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Comparative evaluation of cow β-casein variants (A1/A2) consumption on Th2-mediated inflammatory response in mouse gut



Recently, apprehension has been raised regarding “A1/A2 hypothesis” suggesting relationship between consumption of A1 “like” variants of cow β-casein and various physiological disorders. The information available is based on either the human epidemiological data of milk consumption or in vitro trials on cell lines with β-casomorphin peptides. The direct scientific evidence establishing the link between consumption of A1/A2 “like” milk and health is scanty. Thus, under present investigation, in vivo trials in mice were undertaken to study the effect of feeding three genetic variants (A1A1, A1A2 and A2A2) of cow β-casein milk on gastrointestinal immune system as it is the first and foremost site of immunological interactions.


Animals were divided into four groups for feeding with basal diet (control) and β-casein isolated from milk of genotyped (A1A1, A1A2 and A2A2) dairy animals, respectively. Gut immune response was analyzed by spectrophotometric assessment of MPO activity, quantitative sandwich ELISA of inflammatory cytokines (MCP-1 and IL-4), antibodies (total IgE, IgG, sIgA, IgG1 and IgG2a) and qRT-PCR of mRNA expression for toll-like receptors (TLR-2 and TLR-4). Histological enumeration of goblet cells, total leukocytes and IgA+ cells was also carried out.


It was observed that consumption of A1 “like” variants (A1A1 and A1A2) significantly increased (p < 0.01) the levels of MPO, MCP-1, IL-4, total IgE, IgG, IgG1, IgG2a and leukocyte infiltration in intestine. TLR-2 and TLR-4 mRNA expression was also up-regulated (p < 0.01) on administration of A1 “like” variants. However, no changes in sIgA, IgA+ and goblet cell numbers were recorded on consumption of any of the β-casein variants.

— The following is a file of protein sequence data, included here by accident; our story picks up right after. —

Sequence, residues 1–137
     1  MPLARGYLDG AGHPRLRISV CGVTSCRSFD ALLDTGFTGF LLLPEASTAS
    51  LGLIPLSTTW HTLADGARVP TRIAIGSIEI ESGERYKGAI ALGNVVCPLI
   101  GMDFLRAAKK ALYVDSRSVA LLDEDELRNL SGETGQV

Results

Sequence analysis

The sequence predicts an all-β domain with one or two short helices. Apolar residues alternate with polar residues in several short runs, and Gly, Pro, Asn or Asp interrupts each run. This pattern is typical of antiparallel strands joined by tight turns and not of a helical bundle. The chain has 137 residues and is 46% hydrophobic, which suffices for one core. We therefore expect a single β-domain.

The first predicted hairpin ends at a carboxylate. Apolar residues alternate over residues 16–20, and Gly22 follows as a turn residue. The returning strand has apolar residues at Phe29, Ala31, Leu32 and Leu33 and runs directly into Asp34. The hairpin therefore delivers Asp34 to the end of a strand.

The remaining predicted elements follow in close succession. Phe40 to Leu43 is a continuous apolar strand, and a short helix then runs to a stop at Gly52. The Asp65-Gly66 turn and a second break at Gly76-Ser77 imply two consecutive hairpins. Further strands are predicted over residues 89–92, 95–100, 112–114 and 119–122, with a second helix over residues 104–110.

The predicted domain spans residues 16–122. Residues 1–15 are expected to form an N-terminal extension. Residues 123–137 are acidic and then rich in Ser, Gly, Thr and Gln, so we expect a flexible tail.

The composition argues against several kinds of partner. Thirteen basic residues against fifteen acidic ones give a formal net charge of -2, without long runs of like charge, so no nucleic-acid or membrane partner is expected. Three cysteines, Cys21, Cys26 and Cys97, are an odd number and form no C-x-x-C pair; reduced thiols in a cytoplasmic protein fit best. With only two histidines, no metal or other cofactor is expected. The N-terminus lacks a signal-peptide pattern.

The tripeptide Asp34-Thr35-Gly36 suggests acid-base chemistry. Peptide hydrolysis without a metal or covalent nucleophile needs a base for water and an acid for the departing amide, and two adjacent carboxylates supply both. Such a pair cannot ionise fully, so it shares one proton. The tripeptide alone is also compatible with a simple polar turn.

It is reasonable to conclude that consumption of A1 “like” variants of β-casein induced inflammatory response in gut by activating Th2 pathway as compared to A2A2 variants. The present study thus supports the purported deleterious impacts of consumption of A1 “like” variants of β-casein and suggests possible aggravation of inflammatory response for etiology of various health disorders.

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The authors are grateful to the Director of National Dairy Research Institute (ICAR), Karnal, for providing funding and laboratory facilities to carry out this piece of work.

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The authors declare that they have no conflict of interest.

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Correspondence to Rajeev Kapila.

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Haq, M.R.U., Kapila, R., Sharma, R. et al. Comparative evaluation of cow β-casein variants (A1/A2) consumption on Th2-mediated inflammatory response in mouse gut. Eur J Nutr 53, 1039–1049 (2014).

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  • β-Casein variants
  • β-Casomorphins
  • Inflammation
  • Humoral response
  • Cytokines